Marja Lehua Apisaloma

NĀ MELE: TRADITIONS IN HAWAIIAN SONG
Ahumanu

 

We’re proud to present a brand-new episode of NĀ MELE: TRADITIONS IN HAWAIIAN SONG featuring the all-wāhine Hawaiian music trio Ahumanu, from Maui. Members Kekai Robinson, Marja Lehua Apisaloma and Liz Morales say their work in the community outside the entertainment realm brings to their music a dimension of authenticity, service and responsibility. The trio, whose name translates to “a gathering of birds,” performs songs including “E ʻAno ʻAno Ē” and “Kahi Aloha.” Guitarist Josh Kahula and steel guitarist Casey Olsen are also featured, with Leinaʻala Kuloloio Vedder providing hula accompaniment.

 

 

 

Ahumanu
Maui-based Trio

Cover story by Liberty Peralta, PBS Hawaiʻi

 

Ahumanu on Nā Mele: Traditions in Hawaiian Song

Members of Ahumanu: Kekai Robinson, Marja Lehua Apisaloma and Liz Morales

 

Like the latest smartphone or computer software, Ahumanu founding member Liz Morales calls the band’s third and current lineup of band members “Ahumanu 3.0.”

 

It’s not unusual for bands to see lineup changes. But Morales, a former radio personality, is confident that this version is something special.

 

“We have our own sound, and that comes from working with what we have,” Morales says. “Since we had so many different players, each version of Ahumanu sounded very different, so I think it’s only until Ahumanu 3.0 that I realized, hey, this is kind of different, I like it.”

 

Marja Lehua Apisaloma and Kekai Robinson round out the Maui trio, whose name translates as “a gathering of birds.” Each member brings her own contributions to the Ahumanu table.

 

Ahumanu on Nā Mele: Traditions in Hawaiian Song

 

Apisaloma says her day job as a registered nurse helps add some level of authenticity to the group’s music – a reminder of how much they have to be thankful for, down to the most essential details.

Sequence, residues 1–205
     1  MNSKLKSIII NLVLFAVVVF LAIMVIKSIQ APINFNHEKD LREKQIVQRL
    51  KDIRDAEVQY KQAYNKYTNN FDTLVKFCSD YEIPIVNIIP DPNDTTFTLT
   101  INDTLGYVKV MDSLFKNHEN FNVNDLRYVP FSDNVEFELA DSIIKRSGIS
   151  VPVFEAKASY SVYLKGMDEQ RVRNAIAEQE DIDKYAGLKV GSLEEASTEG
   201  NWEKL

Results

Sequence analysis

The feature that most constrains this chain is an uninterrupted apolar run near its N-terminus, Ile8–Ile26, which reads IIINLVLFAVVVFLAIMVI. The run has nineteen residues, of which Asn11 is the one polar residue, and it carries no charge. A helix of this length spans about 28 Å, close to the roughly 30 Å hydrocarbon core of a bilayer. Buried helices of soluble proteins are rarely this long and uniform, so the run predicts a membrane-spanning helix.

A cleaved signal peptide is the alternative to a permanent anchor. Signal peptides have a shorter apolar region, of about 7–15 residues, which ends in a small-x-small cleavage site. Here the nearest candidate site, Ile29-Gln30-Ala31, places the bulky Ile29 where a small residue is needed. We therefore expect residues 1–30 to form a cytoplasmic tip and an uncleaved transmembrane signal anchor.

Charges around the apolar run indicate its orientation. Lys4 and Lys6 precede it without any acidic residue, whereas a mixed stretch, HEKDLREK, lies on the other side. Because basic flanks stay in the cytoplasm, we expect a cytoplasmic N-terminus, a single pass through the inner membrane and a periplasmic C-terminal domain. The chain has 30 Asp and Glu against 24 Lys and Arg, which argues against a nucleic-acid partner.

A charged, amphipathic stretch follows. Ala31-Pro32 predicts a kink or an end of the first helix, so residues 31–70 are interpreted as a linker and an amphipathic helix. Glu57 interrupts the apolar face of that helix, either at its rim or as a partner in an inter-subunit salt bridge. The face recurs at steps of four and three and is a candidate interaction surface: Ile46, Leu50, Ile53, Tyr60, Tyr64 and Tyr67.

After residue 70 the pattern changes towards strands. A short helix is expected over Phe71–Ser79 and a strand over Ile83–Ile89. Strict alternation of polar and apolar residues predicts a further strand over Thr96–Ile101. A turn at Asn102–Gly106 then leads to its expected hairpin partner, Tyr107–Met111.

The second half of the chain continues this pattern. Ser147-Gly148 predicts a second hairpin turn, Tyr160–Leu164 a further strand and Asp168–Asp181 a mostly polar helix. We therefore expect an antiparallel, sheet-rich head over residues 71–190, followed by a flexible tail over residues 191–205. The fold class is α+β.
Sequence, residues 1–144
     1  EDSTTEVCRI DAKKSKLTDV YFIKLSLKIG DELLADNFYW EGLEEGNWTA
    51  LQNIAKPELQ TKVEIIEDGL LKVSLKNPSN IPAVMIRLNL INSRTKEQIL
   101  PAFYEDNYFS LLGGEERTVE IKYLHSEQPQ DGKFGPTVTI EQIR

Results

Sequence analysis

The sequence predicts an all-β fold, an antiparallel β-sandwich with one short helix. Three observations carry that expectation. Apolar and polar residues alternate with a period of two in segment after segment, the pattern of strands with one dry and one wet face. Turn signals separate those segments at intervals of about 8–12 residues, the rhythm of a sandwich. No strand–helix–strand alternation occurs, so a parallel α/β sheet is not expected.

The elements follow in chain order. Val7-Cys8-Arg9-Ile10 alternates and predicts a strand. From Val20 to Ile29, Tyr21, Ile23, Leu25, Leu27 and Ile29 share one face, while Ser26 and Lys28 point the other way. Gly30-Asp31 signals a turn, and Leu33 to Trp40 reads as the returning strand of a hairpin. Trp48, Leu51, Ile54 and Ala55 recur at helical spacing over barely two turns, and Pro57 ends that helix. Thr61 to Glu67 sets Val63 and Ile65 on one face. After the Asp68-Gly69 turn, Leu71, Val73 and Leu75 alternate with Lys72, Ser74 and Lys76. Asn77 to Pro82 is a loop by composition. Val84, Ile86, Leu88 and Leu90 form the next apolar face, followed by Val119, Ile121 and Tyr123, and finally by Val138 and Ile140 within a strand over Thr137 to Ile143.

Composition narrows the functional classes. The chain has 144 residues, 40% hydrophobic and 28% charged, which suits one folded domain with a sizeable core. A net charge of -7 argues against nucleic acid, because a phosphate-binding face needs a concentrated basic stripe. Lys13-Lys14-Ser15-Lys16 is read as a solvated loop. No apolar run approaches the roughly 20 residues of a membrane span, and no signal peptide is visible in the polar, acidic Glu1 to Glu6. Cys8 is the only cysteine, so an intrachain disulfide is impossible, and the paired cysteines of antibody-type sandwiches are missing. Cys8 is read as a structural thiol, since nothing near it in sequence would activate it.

“We can breathe and we can use the bathroom on our own, we can walk on our own, we can speak,” she says. “You see all of that as a nurse and see people at their most vulnerable times. It’s such a drastic difference from the entertainment industry because you put on a face and it’s all a show.”

 

Robinson, who heads Hawaiian immersion school Ke Kula ʻO Piʻilani by day, says Ahumanu is an extension of the community work that’s played an important role in her life.

 

NĀ MELE: TRADITIONS IN HAWAIIAN MUSIC - Ahumanu airs Monday, February 24 at 7:30 pm. Sponsored by: Hawaiian Airlines and First Hawaiian Bank“I practice Hawaiian oli (chants), and those are the messages and the voices of our ancestors coming through,” she says. “The messages that they give us are relevant now, so there’s a great sense of responsibility there to do the same in our music.”

 

That responsibility shows in songs like “Kahi Aloha,” one of several songs that Ahumanu performs on an upcoming episode of PBS Hawaiʻi’s Nā Mele: Traditions in Hawaiian Song. Originally written as a wedding gift, “Kahi Aloha” has taken on a larger meaning in Robinson’s eyes.

 

“Aloha has become a big part of this contemporary move towards protecting our environment, protecting what we have,” she says. “When you stand in aloha, you can come at me and bring whatever it is that you are to me, but I am going to stand here and remain respectful towards you. It’s a discipline, and so, I understand it now. It’s not our normal state. We want to work towards aloha being a normal state.”

 

Through their weekly pau hana performances in Kahului, Ahumanu has a regular platform to share their messages in song, with authenticity, respect and love. Ahumanu 3.0 is on a roll, and Morales ponders what’s next.

 

“I’d like to be a resource for the next generation of musicians that would like to do this,” she says. “Growing up in this field, it was such a mess. I didn’t know how to get where I wanted to be and those lines were so unclear … [now] I’m living the life, having a great time and very happy that I’m able to help perpetuate what we’ve known forever: Hawaiian music.”